Ignite UX talk about Economic Development

I have been wanting to solidify some of my thoughts about the relationship between my specialty, user experience, and economic development. So I proposed a 5-minute talk for the Ignite UX Michigan event, and it was accepted. I presented it on October 24th in Ann Arbor. It was a great crowd: kudos to the organizers.

Below are the slides I put together with my speaking notes. It sure is hard to squeeze it all into 20 slides at 15 seconds each, so next time I do something like this, I will get more time.


Speaking notes

  • 1. Hi my name is Keith Instone and I am going to talk about economic development. Let’s go!
  • 2. I hope to teach you a little about economic development. And to help you see how your UX work can have an economic impact. We can have an impact on our local economy.
  • 3. First, a little about me. I have been called a human-computer interaction researcher, a usability specialist, information architect, and user experience lead. I have had a fun 24 years in the profession.
  • 4. Over the past few years, I have started a “professional hobby”: hanging out with economic development professionals, talking with them about technology, design, and UX. I am trying to learn how they think and work. I try to help them.
  • 5. I feel obligated to show a 3 circle diagram, like many UX colleagues before me. This talk is about 2 things called ED – Experience Design and Economic Development – but not the third thing often called ED.
  • 6. I am from the Toledo area and have been involved in economic develop efforts there. But I consider Ann Arbor, Detroit and Toledo in the same economic zone. In the big picture, we are in this together, despite the state line.
  • 7. My first foray into economic development was in 2008. Northwest Ohio ED organizations were trying to collaborate and form a Meta-plan. I shared my IBM experience building cross-organizational platforms. And learned about applying UX in a new context.
  • 8. My second foray was helping with the Toledo Region branding initiative. It was fun and educational to be involved in the stakeholder research, observe the branding process, and help a little to translate it all into designs.
  • 9. I believe I have started to make sense of the audiences in this ecosystem. Site selectors, Entrepreneurs, Tourists, Companies, Residents. Quality of life is an important concept.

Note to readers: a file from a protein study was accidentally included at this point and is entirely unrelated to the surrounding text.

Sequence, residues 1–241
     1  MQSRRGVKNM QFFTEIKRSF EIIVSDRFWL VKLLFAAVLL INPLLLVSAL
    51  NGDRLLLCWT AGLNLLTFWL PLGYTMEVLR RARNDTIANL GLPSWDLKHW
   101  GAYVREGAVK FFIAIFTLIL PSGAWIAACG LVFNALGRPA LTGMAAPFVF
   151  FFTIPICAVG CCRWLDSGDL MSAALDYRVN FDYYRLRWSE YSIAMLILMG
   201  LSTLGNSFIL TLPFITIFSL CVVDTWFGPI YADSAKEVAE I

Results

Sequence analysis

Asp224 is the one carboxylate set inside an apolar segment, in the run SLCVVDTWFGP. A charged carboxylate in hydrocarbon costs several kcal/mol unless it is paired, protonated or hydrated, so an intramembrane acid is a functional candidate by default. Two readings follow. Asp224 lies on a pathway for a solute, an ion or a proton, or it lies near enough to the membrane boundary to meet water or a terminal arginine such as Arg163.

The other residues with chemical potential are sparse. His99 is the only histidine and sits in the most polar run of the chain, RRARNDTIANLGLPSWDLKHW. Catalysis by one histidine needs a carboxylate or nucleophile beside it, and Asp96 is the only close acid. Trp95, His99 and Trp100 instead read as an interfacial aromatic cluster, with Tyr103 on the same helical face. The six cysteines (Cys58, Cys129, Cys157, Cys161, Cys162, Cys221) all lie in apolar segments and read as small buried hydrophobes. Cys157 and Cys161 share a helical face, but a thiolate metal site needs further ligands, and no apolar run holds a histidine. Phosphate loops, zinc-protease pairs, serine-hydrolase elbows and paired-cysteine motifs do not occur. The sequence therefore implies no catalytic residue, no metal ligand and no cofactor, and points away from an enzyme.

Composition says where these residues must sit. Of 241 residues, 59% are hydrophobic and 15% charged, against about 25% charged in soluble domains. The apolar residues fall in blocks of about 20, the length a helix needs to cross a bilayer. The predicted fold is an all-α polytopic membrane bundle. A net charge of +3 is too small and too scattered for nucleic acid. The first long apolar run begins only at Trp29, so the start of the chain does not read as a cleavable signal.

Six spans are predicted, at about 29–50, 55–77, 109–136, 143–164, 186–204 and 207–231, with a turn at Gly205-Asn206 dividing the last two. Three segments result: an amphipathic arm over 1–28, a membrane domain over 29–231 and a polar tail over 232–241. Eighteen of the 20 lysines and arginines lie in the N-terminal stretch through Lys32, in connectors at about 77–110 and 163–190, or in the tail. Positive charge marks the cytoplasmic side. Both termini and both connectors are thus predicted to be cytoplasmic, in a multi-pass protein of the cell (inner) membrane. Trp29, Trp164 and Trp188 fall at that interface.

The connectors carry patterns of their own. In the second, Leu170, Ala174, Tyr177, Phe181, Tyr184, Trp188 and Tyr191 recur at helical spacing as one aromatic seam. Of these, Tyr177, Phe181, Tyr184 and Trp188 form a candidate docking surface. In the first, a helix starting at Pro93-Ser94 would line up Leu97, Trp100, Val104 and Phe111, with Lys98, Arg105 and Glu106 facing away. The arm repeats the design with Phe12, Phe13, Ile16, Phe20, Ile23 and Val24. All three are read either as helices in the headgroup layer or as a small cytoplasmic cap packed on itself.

• 10. I am starting to see how things relate to each other. How assets like museums and universities contribute to the quality of life, for example. But it is still messy, lots more to learn, especially how each audience thinks and what really motivates them.
  • 11. The internet and social media are now crucial aspects of doing economic development right. Secret handshakes, suits and smoke-filled rooms still matter, of course. But ED folks are starting to invest in digital, which helps them understand the importance of UX.
  • 12. But we can do a lot more than just help design economic development web sites. We can do more than our typical jobs, like help companies market better or reduce frustration with an intranet. UXers can be DRIVERS of economic activity.
  • 13. Get a drink. Catch my breath. Time for 1 question but no time to answer!
  • 14. Examples like the rise of Apple helps people see the economic value of what we do, when good design is baked into a company’s DNA. If you want more good jobs, spawn more Steve Jobs.
  • 15. It’s not just Apple. Amazon, Starbucks and many more are showing that good experiences are good business. We live in an experience economy now. A revolution is happening. Helping companies compete worldwide on customer experience is economic development.
  • 16. It is not just about helping established companies. UX is crucial for startups. A new trend is to have business, tech AND design founders. Venture capitalists are starting to offer design services to companies in their portfolio.
  • 17. Rashmi Sinha of Slidshare is 1 example of a design founder. She started Slideshare in 2006. It grew to over 50 employees & was acquired by LinkedIn for $119 million. I have other UX colleagues who are “job creators” – everyone likes job creators.
  • 18. By far the #1 limitation I hear from people is the need for more UX talent in the area. We need to develop more UX talent, then keep them here. And recruit more UXers to move here. This event, MidwestUX, IUE are good starts, we need to do more.
  • 19. ED is often only about JOBS. But quality of life matters a lot. I have also started hanging out with city, county and urban planners, and architects, who focus on making the place where you have a job worth living in. Tomorrow, I will be at a planning conference, for example.
  • 20. Earlier this week, I was at Midwest UX in Grand Rapids. We talked about how physical spaces and digital space relate to each other. The Internet of Things and other things. I am not the only UXer moving in the “space planning” direction.
  • 21. Time to wrap up. These are the points I was trying to make. We are at a special time in history to make a difference. Not just a design difference, an economic difference. We can help our local companies, or start our own. We can help plan our communities. We can make this region great (again).
  • 22. Thanks!

PDF of slides and speaker notes

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